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Re: [Discuss-gnuradio] Buffer Overflow Debug

From: Richard Bell
Subject: Re: [Discuss-gnuradio] Buffer Overflow Debug
Date: Wed, 27 May 2015 09:01:05 -0700


I'll update you on this in a new thread soon. We had been running into the age 
old problem of plugging one hole and having two more leaks spring up. We are 
finally onto something that seems to be fixing everything. It's a simple code 
change in HPD. 


Sent from my iPhone

> On May 27, 2015, at 5:45 AM, Martin Braun <address@hidden> wrote:
> Hey Richard,
> I'm going to need some time, peace and quiet to get to the bottom of
> this. Which means not in the very near future :) But I'm very interested
> in getting this to work. Can you post some failing codes/OOTs somewhere
> for me to start testing?
> M
>> On 22.05.2015 15:22, Richard Bell wrote:
>> Martin et. al.,
>> I implemented my own block that produces a trigger signal when a
>> specific tag is encountered, and I feed this into the detect port of the
>> HPD block. This is an attempt to overcome the tag trigger issues we've
>> been having in this email chain. The trigger_tag block simply outputs
>> zeros until a specified tag_key is found, at which point it outputs a 1
>> on that sample and then continues outputting zeros. It has the same
>> trigger behavior as the Schmidt Cox block used to create the detect
>> signal in the OFDM example.
>> This has resolved the HPD block freezing issue, however, a new issue has
>> arisen. Now the block will output the correct header and payload for a
>> little while, and then randomly start passing the wrong header portion
>> through, even though the detect signal is still on the correct trigger
>> point at the input to the HPD block. I confirmed this by comparing the
>> HPD port0 input with the HPD port1 input, confirming the detect peeks
>> correspond exactly with the port0 tags that signify a header start. Even
>> while the HPD block allows the wrong header portion through, the detect
>> signal is aligned perfectly with the header start at input0.
>> If you wouldn't mind confirming my HPD block settings, I will detail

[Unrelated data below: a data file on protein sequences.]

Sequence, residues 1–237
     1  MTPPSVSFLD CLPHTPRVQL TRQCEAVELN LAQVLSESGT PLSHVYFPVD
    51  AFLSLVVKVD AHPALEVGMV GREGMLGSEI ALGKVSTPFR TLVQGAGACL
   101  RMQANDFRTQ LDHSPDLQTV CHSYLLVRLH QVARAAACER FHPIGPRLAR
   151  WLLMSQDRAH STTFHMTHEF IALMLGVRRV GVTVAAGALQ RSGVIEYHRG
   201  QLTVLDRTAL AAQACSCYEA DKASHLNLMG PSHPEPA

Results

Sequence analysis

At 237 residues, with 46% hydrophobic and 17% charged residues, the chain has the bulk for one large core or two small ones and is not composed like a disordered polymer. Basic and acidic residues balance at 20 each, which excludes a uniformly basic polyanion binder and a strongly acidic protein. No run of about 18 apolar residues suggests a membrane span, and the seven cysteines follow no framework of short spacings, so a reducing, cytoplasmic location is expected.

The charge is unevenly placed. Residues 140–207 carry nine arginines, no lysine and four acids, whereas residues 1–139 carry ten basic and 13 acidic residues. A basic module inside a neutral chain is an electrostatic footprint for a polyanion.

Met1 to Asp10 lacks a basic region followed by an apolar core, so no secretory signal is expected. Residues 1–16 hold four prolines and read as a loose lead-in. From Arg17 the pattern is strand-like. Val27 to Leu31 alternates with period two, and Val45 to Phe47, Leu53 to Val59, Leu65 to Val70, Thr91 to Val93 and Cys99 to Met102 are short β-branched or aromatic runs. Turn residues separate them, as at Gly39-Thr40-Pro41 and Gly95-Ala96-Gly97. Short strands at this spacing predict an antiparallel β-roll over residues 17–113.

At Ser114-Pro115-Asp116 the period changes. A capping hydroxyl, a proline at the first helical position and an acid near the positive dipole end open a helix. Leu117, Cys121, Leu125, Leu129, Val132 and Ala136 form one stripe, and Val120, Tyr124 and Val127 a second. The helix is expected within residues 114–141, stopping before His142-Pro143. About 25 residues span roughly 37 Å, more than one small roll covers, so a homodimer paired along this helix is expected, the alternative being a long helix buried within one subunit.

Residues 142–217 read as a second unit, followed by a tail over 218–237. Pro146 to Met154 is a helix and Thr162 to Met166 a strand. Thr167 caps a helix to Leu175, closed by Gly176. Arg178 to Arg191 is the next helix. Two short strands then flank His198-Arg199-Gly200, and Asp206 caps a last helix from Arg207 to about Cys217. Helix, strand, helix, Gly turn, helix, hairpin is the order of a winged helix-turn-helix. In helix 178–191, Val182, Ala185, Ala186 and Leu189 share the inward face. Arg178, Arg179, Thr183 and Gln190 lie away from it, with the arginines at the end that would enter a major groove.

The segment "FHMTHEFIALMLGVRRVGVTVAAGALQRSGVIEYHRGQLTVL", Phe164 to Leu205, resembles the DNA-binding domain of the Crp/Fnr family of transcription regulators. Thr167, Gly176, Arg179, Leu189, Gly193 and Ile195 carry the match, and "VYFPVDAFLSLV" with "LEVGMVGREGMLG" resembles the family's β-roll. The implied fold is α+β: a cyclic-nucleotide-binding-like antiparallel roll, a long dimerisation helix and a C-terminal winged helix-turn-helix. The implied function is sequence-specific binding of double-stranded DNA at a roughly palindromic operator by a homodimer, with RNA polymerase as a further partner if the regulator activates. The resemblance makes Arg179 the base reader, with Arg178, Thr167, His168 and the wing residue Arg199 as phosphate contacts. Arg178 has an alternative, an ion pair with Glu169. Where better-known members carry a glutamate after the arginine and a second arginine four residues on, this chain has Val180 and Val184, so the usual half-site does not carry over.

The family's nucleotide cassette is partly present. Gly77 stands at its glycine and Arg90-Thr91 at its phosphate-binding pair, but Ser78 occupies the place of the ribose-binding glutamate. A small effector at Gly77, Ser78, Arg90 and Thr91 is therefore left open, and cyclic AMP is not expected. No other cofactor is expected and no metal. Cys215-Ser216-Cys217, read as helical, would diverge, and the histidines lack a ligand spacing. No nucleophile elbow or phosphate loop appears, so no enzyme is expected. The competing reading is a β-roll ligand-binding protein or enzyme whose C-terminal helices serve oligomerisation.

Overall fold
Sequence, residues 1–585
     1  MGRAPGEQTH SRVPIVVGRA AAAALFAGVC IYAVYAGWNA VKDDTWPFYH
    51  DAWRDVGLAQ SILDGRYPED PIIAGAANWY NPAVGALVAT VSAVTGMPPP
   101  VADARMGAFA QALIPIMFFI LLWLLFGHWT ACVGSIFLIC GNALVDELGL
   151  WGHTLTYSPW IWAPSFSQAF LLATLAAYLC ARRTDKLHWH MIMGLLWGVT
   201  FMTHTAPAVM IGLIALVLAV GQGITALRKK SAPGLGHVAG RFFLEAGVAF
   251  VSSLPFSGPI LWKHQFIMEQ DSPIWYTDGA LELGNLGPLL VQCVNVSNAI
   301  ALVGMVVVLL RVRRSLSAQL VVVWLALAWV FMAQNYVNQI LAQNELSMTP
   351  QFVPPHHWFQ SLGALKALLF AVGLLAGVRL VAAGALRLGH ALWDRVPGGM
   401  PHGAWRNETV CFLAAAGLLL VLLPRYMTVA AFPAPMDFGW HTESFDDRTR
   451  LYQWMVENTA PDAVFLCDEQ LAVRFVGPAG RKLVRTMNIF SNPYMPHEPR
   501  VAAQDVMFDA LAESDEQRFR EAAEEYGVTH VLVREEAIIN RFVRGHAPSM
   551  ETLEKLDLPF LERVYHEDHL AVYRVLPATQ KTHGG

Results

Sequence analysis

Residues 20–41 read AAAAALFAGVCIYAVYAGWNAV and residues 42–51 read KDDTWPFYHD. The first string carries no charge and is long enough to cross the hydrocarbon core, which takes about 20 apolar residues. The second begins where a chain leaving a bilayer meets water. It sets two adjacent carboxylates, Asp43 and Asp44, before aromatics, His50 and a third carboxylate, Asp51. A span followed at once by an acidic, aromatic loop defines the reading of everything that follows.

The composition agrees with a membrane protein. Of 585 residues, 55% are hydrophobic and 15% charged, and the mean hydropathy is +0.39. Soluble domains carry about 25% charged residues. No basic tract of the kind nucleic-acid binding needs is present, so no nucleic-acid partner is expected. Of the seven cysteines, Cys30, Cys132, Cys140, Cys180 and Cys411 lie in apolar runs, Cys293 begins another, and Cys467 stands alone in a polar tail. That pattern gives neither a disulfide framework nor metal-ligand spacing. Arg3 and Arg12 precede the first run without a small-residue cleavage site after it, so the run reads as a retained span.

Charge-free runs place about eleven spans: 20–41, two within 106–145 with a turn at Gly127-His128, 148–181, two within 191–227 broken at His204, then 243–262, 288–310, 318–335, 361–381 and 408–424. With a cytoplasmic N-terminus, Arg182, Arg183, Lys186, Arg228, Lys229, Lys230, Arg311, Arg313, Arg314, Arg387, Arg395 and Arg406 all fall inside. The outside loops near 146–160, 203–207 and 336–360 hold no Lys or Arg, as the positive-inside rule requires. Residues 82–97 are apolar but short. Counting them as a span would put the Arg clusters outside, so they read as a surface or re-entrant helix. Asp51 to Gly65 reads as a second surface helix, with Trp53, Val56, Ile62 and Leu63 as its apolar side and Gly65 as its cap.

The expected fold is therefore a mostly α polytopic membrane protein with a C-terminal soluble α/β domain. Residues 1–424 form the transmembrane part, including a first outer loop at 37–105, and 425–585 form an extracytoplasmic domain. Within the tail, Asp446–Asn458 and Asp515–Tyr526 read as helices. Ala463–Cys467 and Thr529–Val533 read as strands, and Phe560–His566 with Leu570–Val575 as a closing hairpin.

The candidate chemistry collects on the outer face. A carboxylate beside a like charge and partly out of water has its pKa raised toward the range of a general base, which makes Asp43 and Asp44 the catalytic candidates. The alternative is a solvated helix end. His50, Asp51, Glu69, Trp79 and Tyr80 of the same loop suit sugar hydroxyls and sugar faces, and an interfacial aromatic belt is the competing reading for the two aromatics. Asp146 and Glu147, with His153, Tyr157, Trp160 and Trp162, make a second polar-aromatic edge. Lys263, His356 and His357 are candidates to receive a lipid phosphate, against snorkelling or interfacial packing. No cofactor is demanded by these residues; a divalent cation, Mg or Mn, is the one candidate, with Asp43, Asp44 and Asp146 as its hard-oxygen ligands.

>> them here. I don't think this could be the issue, because I expect the
>> block would never work correctly if they were off, but better to be
>> safe. The input0 type is complex unpacked data. My header is 32 bits
>> long packed. I correspondingly set the following:
>> *Header Length (Symbols): 4
>> Items per Symbol: 8
>> *
>> *Guard Interval (items): 0
>> *
>> *Output Format: Items
>> *
>> *IO Type: Complex
>> *
>> *Sampling Rate: <my rate>*
>> Now, to add on to this confusing block, I tried using the following
>> settings and it worked better than the above settings. However, looking
>> at the source code, it makes no sense to me why it should work at all.
>> This is because the payload size is calculated by using the
>> packet_length read off the message passed in multiplied by the
>> items_per_symbol variable. This would correspond to a huge payload
>> (128*32 in my case, instead of 128*8), yet it works.
>> *Header Length (Symbols): 1
>> Items per Symbol: 32*
>> Using the other possible combination that produces the correct header
>> length when multiplied together, it does not work for any length of time.
>> *Header Length (Symbols): 2
>> Items per Symbol: 16*
>> I'm starting to think there is a major bug in the HPD block when used
>> without the 'Output Format Symbols' mode. I say this because this is the
>> last difference between the OFDM example, which seems to work fine, and
>> my own. At this point I'm stuck code diving into the HPD block to see if
>> I can figure out what's going on.
>> v/r,
>> Rich
>> On Wed, May 20, 2015 at 6:27 PM, Richard Bell <address@hidden
>> <mailto:address@hidden>> wrote:
>>    Yes I will file a bug.
>>    We put a tag_debug block right before the HPD input. The tag debug
>>    stdout statements continue, while the get_tags_in_range function of
>>    the HPD block returns none.
>>    We will continue debugging this to see if we can learn something
>>    more concrete. The time it takes the flow graph to generate this
>>    error is very variable. From hours to seconds.